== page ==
‘A Man Called Ove’ review: finds the real meaning of community

3rd July 2017

Ove Lindahl has laid out the plastic sheeting, set up the stool and even tied the noose. He has lost his job, his wife and now his attempt at suicide has failed, “It’s not as easy as you may think” he says to his wife’s tombstone as he lays roses out and neatens the grave. Played by the talented Rolf Lassgard, Ove Lindahl is a man who is angry at life and feeling very alone.
We have Parvaneh (Bahar Pars) to blame, or thank, for his failed suicide attempt. When her and her husband arrived they dared to drive down the pedestrianised road, which Ove has policed for decades. He steps down from his stool to go and tell them that they cannot drive their car here with some annoyance. Over his dead body, one might say.

Ove and Parvaneh are polar opposites at face value. Ove is grumpy, cold and disciplined. While Parvaneh is positive, cheerful and pragmatic. But she immediately decides that she wants to befriend the cantankerous old man.

Over the course of the film we come to know a lot about Ove and how he developed his quirky persona. We follow his early days wherein his Father instilled his values and his ideas of right and wrong, how he would later become a train-cleaner and how he met the love of his life, Sonja (Ida Engvoll). It becomes clear that his rather black and white outlook on life is rooted in the best of intentions. He has lost so much and endured poverty and heartbreak.

With each attempt at suicide, it becomes more and more clear that Ove’s attempts are in vain, from being disturbed by Parvaneh who needs a lift to the hospital to the doorbell ringing from “one of those gays” who has been kicked out from home and now needs somewhere to stay.
Parvaneh, an immigrant from Iran brings her saffron infused rice and cheerful pair of girls into Ove’s life. Parvaneh seemingly forces herself onto Ove, as she is not willing to take no for an answer. Throughout the film, Ove and Parvaneh have very beautifully scripted dialogues wherein the sub-themes are brought to the surface more clearly.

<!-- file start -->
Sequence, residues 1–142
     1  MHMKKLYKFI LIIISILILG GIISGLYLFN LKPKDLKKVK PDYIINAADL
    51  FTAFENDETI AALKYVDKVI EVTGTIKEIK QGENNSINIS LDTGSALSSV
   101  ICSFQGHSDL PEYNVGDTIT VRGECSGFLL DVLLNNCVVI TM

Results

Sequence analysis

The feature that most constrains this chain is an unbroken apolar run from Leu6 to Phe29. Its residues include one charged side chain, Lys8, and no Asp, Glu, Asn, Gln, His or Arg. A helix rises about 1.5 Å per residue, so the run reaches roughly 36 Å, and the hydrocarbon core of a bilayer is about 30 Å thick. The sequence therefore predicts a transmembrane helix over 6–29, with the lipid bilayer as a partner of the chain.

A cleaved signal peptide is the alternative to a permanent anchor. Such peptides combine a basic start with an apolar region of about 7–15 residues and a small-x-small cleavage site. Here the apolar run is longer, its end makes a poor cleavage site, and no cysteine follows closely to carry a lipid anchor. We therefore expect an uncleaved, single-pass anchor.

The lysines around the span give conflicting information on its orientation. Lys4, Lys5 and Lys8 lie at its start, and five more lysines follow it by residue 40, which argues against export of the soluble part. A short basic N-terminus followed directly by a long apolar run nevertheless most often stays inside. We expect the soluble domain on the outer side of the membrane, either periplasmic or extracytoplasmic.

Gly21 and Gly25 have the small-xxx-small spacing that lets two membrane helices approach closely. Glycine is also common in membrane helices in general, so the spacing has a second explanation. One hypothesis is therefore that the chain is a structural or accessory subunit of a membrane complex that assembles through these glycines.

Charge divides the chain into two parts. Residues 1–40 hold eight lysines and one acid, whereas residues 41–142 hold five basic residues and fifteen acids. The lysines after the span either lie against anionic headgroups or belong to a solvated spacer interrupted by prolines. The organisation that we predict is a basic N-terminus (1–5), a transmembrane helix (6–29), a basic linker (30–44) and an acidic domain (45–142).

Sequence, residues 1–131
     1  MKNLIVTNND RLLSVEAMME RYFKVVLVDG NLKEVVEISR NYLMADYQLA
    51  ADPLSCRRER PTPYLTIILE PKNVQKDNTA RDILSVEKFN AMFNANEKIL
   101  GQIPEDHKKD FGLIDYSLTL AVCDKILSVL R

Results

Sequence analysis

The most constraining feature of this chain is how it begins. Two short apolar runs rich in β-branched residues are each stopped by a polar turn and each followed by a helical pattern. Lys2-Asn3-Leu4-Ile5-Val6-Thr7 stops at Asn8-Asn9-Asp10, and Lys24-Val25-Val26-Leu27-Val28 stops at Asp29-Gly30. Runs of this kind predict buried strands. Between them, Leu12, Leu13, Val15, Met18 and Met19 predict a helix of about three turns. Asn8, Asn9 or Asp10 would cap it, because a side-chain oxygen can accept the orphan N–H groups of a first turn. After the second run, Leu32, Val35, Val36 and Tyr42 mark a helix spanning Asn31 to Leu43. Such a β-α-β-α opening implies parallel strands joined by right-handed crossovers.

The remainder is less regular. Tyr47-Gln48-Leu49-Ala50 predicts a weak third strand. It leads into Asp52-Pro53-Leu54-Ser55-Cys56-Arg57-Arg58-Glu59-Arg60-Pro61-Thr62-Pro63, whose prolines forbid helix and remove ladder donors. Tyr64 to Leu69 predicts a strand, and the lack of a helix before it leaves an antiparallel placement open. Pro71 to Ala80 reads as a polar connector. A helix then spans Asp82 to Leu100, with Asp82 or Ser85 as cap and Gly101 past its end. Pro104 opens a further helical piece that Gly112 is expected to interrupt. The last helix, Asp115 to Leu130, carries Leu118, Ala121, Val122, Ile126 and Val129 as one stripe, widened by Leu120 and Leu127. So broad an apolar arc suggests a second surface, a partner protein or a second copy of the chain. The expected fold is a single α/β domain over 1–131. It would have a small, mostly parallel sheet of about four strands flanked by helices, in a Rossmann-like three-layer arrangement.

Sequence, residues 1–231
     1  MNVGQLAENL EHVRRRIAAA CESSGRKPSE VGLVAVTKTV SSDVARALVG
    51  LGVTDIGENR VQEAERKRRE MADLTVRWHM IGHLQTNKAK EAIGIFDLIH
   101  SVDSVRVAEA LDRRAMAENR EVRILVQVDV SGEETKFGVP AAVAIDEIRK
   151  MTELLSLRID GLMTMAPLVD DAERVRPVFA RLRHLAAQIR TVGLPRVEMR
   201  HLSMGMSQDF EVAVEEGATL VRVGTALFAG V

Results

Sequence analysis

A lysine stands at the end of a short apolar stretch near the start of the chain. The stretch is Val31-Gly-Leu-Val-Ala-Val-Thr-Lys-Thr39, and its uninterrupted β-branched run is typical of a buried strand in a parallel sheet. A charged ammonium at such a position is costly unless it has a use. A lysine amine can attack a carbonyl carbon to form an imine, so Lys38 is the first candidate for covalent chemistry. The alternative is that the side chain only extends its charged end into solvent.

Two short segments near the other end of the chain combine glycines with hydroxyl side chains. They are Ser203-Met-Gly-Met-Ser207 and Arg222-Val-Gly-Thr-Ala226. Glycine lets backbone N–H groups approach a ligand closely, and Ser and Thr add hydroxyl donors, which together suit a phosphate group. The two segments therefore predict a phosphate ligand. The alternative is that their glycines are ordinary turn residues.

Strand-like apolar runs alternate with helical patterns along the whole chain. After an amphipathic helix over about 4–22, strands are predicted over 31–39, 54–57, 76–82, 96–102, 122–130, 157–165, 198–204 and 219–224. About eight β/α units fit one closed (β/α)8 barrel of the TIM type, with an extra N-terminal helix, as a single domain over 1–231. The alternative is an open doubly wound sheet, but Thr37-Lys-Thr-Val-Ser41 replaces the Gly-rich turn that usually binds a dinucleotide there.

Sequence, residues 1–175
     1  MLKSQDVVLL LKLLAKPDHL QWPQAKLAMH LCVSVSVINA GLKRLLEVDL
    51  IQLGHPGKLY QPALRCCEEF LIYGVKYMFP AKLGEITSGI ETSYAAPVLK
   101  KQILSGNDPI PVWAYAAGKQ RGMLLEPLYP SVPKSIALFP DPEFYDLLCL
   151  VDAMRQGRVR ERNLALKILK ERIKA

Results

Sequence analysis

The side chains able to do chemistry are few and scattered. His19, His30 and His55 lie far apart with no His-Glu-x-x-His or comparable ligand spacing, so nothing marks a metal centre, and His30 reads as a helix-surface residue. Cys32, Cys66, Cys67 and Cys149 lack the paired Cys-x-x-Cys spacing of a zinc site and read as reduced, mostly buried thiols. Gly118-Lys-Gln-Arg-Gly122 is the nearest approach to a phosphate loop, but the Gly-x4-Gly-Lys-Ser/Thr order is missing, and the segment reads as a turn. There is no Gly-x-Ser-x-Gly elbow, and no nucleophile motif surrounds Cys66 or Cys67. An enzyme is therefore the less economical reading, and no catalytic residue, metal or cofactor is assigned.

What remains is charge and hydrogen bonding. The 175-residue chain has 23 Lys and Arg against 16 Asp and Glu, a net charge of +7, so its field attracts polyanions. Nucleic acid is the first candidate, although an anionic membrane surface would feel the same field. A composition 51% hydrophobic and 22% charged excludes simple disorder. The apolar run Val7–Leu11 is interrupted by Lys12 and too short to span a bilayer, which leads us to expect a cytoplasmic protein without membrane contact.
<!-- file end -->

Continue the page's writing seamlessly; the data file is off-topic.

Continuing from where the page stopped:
One such happens when while teaching Parvaneh to drive she panics and stalls the car to which Ove responds, “Now listen to me, you have given birth twice, soon three times. You have come from Iran and escaped war and misery; you have learnt a new language, got an education and married a loser. So you will have no problems learning how to drive. We are not talking brain surgery here.”

It is amazing, how so often we become so used to loneliness we can’t recognize when someone is there, trying to come in. Ove has been a loner for so much of his life, he allowed himself to be consumed by his love for Sonja, in an attempt to avoid dealing with the sadness and anger he pent up inside, Parvaneh however sees this and even notes, “I’ve never met Sonja, and I am sure she was wonderful but you have made her a Saint. I think she would rather be a regular human, a very wonderful but regular Sonja.”
Ove is a man who has lost himself to the anger; he has allowed his boyish smile to become marred by a disgruntled frown. He has overcome hardships so many times before, but he now blames himself and in doing so punishes himself on a daily basis. He has locked himself away, as Sonja says in the film, “Either we die or we live” and he has stopped living, long before he decided to take his life.

A Man Called Ove is about the real meaning of community. It’s not about neighbours or community associations, but about people. It is about those bonds we so often take for granted, the bonds that transcend, race, sexual orientation and even what car you drive. It is about coming together in spite of all these things, not for selfish gain but because we all understand one simple thing, “No one copes on their own, no one!”
Words by Matthew Hoy
A Man Called Ove is out in cinemas on June 30, 2017

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